According to these and other objects of the present invention a smart weed recognition and identification system is provided which comprises a green vegetation sensor which is adapted to supply standard TV color signals and a vegetation index ratio to a frame grabber and memory storage device that is adapted to store a memory map of the sensed vegetation. The stored vegetation data in the memory map is first enhanced and then a plurality of image analysis functions are performed on the vegetation regions identified in the memory map frame which includes texture segmentation and occlusion resolution, edge analysis and region clustering. During a teaching operation, the results of the analysis functions are stored in a plant library as base models. Subsequently, other areas of vegetation are sensed as regions and subjected to the plural image analysis functions and then the results are compared with the reference base models learned during the teaching operation. Matching is employed to identify plant types, shape, size, color and texture and to generate control signals capable of controlling selectable plural spray heads and selectable plural chemicals.
FIG. 1 is a schematic block diagram of the present invention novel smart recognition and classification system;
FIG. 2 is a schematic drawing of a sensor and its field of view and spray heads and their area being sprayed;
FIG. 3 is a schematic block diagram of the operation of plant segmentation performed in FIG. 1;
FIG. 4 is a schematic block drawing of a display of a memory map showing green vegetation after being enhanced and the background information removed;
FIG. 5 is a schematic drawing of a display of the memory map of FIG. 4 after edge detection is performed as shown in FIG. 3;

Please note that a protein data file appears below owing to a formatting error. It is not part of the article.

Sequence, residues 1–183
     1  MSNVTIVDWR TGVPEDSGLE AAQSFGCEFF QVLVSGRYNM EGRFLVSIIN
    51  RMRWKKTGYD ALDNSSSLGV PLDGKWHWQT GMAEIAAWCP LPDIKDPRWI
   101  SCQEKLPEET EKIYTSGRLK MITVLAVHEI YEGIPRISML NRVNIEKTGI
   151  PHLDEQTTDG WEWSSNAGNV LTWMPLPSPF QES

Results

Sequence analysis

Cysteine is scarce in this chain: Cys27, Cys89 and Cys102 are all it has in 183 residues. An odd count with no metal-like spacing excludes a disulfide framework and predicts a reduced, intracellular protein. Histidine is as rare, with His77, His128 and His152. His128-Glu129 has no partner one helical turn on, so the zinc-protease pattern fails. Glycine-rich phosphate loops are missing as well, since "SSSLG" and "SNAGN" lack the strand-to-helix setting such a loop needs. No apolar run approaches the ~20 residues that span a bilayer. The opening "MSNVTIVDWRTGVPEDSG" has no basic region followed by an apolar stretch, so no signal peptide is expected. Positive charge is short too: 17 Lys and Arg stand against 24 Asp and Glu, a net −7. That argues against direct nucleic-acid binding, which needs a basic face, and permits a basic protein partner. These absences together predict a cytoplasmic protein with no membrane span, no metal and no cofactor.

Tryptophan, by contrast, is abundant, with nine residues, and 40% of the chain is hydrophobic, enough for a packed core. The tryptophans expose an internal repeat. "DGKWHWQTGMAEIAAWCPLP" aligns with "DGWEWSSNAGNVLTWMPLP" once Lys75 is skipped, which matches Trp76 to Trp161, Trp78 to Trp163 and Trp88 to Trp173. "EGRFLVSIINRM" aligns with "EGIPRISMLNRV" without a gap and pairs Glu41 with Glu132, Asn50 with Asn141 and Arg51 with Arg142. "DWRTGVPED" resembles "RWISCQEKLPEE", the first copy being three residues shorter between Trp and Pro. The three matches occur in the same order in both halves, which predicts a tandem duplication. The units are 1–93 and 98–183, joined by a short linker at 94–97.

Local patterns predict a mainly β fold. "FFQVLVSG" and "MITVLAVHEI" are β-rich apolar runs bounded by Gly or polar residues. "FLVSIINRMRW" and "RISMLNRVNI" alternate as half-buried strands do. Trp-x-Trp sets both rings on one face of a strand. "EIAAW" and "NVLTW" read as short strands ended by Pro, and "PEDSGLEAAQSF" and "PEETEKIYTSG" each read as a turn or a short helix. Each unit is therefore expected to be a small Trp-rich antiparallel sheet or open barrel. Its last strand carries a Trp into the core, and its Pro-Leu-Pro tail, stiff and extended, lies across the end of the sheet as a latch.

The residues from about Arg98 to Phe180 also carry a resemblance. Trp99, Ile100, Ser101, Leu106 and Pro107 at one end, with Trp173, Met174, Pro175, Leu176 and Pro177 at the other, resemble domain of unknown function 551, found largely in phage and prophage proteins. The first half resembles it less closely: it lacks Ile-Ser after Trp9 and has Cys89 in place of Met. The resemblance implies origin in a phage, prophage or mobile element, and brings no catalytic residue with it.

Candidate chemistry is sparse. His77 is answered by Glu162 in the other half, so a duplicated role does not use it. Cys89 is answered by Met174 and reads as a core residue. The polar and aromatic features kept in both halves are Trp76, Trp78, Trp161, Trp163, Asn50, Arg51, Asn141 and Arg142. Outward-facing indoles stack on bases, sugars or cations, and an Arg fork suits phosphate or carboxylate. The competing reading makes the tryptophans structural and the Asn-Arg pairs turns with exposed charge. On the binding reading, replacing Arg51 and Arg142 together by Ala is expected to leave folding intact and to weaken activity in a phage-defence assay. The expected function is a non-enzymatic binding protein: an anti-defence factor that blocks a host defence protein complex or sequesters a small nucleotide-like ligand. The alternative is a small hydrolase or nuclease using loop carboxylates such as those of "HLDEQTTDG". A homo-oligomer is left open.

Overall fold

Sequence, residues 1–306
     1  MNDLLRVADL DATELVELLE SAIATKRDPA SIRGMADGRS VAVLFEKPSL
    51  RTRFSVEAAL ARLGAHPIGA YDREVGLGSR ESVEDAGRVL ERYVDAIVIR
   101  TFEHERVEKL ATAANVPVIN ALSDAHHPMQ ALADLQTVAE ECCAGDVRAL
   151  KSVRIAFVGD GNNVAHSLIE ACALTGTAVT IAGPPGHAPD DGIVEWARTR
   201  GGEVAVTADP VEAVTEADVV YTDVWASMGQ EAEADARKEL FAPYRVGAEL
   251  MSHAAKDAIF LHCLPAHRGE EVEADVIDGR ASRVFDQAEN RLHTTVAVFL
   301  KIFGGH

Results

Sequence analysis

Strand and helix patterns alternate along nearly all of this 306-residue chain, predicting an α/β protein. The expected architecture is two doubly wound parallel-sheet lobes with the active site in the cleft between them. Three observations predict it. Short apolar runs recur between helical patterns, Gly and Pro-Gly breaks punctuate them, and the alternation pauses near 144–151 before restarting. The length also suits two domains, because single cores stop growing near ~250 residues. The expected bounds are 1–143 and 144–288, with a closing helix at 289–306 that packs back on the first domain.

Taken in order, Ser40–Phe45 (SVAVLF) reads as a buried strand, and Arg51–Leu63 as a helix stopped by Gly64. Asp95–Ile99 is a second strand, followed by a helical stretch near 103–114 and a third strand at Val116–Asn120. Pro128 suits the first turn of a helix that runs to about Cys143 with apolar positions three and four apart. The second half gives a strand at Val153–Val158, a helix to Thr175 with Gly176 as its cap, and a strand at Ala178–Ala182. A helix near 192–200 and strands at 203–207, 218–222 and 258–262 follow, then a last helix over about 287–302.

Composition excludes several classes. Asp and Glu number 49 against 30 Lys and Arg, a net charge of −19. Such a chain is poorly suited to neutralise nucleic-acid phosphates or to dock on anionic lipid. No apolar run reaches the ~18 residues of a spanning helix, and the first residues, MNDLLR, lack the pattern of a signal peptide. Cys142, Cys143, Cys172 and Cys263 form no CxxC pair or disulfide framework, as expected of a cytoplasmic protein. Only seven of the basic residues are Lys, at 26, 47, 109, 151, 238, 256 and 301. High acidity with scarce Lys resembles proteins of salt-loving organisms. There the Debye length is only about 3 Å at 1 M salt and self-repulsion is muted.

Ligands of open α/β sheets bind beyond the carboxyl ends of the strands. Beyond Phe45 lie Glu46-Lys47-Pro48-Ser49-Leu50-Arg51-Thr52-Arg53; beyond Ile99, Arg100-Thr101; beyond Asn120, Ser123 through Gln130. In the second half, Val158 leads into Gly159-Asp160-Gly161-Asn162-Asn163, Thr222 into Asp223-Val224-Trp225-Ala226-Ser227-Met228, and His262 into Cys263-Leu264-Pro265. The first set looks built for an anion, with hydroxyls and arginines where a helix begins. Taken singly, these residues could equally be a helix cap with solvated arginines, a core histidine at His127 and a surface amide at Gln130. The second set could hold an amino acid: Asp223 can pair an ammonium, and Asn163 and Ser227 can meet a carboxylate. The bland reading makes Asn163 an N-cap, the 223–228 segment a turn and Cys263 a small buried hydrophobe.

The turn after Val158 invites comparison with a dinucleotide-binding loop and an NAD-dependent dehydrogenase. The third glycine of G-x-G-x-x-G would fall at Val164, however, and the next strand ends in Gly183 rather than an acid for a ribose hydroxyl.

FIG. 6 is a schematic drawing used to explain a histogram slicing operation performed in FIG. 3;
FIG. 7 is a schematic block diagram used to explain a texture segmentation operation;
FIG. 8 is a schematic drawing of a memory map used to explain clustering and connecting of components into separate regions; and
FIG. 9 is a schematic drawing of a memory map used to explain omni directional spoke analysis.
Refer now to FIG. 1 showing a block diagram of the preferred embodiment of the present invention novel smart weed recognition and classification system 10. Information used by the novel system is preferably supplied by a chlorophyll sensor 11 which is capable of generating red, blue and green television compatible signals on line 12 and a vegetation index ratio signal NIR/R on line 13. While a chlorophyll sensor is preferred such as that shown and described in our aforementioned copending U.S. application No. 08/254,630, it is possible to modify other types of chlorophyll and green vegetation sensors to operate in conjunction with the weed recognition systems to be described herein. The television compatible signals on line 12 are coupled to a TV signal converter 14 which generates TV signals on line 15 that are applied directly to a frame grabbing and storing memory 16 which is also provided with an input of the vegetation index ratio on line 13. It will be understood that the four color inputs to the frame grabbing and storing memory 16 are capable of being controlled so as to provide a desired predetermined frame map image on line 17. The frame map image is enhanced by improving the resolution and compensating for motion in block 18. The enhanced image map shown in block 18 is refined by making an estimate and subtracting out the background leaving a clean memory map of green vegetation or plants as shown in block 19. It will be understood that in order to perform the functions of enhancement explained with regards to blocks 18 and 19, the vegetation ratio NIR/R is a desired input as shown on line 13.